Tennis After 80


Do you ever worry about losing your hobbies as you age? Well, read about these three women over 80 that actually believe the key to living is staying active.

Barbara Weber, age 80, is a tough woman to reach. So is 92-year-old Harriet Freeman. And at age 96, Jeanne Caroline is hardly ever at home. They believe the key to living is moving, and they’re always on the go. If they’re not running errands or having lunch with friends, you’ll most likely find them on the court at their local tennis club.

“Most of our friends think we’re crazy,” said Weber with a laugh. “And maybe we are. But I have to tell you, I sure feel healthy, confident and involved in life.”

Weber is adamant that it is never too late to pick up a racket.

“I was never athletic in the least, but now I just love it. Physically, mentally and socially, exercise really keeps me going,” she said.


Exercise has always been a part of Freeman’s life. But she never realized how much it meant until 25 years ago, when her husband died.

“I felt so alone,” she remembers. “But it was my circle of friends from tennis who helped get me back on track.”

Freeman believes getting involved, going out and keeping busy have given her a zest for life that she doesn’t often see in others.

“I have a friend who is exactly the same age as I am, and she’s sitting in a senior citizen home waiting to die. How can you have a good outlook and attitude when you don’t ever do anything?” she said.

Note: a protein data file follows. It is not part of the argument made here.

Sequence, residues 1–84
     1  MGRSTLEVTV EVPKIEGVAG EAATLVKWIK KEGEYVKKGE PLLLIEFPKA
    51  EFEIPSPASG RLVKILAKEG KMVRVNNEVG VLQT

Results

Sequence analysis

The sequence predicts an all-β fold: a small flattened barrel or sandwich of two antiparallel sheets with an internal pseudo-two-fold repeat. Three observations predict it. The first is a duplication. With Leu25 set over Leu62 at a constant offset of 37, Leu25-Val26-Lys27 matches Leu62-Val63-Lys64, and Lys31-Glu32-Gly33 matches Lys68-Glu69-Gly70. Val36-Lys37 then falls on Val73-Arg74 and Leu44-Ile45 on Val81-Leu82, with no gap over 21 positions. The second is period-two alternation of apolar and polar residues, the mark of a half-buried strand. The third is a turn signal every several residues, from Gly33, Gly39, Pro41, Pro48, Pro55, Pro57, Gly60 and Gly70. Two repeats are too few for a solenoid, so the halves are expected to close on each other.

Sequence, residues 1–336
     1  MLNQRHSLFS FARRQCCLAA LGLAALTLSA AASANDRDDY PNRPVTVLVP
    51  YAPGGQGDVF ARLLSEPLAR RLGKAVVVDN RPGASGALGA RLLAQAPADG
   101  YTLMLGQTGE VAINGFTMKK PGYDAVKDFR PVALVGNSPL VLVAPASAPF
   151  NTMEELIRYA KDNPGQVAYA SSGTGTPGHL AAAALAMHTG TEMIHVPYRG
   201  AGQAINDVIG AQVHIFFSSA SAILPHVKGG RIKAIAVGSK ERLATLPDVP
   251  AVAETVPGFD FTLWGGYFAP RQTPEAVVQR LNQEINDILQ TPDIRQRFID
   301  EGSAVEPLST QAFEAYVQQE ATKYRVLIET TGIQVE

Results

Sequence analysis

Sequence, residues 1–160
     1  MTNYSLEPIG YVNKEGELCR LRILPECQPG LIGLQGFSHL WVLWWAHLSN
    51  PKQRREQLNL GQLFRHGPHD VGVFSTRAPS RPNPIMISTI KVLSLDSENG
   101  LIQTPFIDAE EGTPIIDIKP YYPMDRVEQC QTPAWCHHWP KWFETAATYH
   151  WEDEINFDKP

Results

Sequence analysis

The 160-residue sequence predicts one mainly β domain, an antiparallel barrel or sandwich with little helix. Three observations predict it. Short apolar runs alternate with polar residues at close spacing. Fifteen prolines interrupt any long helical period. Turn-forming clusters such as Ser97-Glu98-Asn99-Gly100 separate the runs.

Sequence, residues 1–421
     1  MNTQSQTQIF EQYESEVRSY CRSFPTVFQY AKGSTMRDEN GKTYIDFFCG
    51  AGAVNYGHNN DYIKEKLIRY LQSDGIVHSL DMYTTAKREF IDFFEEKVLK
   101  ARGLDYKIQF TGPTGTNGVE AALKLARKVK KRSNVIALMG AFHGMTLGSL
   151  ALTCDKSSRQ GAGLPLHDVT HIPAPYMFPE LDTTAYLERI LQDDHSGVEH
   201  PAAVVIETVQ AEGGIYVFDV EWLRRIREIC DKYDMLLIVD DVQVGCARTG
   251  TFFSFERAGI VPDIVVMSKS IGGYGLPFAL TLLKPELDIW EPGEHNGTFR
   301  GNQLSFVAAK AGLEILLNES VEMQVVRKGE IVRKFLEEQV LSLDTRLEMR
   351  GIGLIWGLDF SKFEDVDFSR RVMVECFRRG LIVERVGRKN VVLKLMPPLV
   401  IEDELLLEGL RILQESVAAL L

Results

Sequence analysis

Caroline agrees.

“Not only did I never believe life at 96 could be like this,” she says, “I honestly thought I’d have been long gone by now!”

Instead, she has a list of activities that await her every day. Not only does she play tennis, she also swims, does water aerobics, plays bridge, still drives a car and loves to read.

Adds Freeman: “Listen, age is very isolating. Friends decline, withdraw and pass away and your social circle gets smaller and smaller. I play tennis because I love all these women. Do you know what else happened right here on this court? They introduced me to a very nice man. And now, at 92, I have a boyfriend.”

One of the unexpected benefits Freeman has experienced is the reaction she and her group get from younger players.

“Sometimes they almost treat us like celebrities,” she says, smiling. “Do you know some say they hope to be just like us? How nice is that? Sometimes we even get to feel like an inspiration!” Freeman said.

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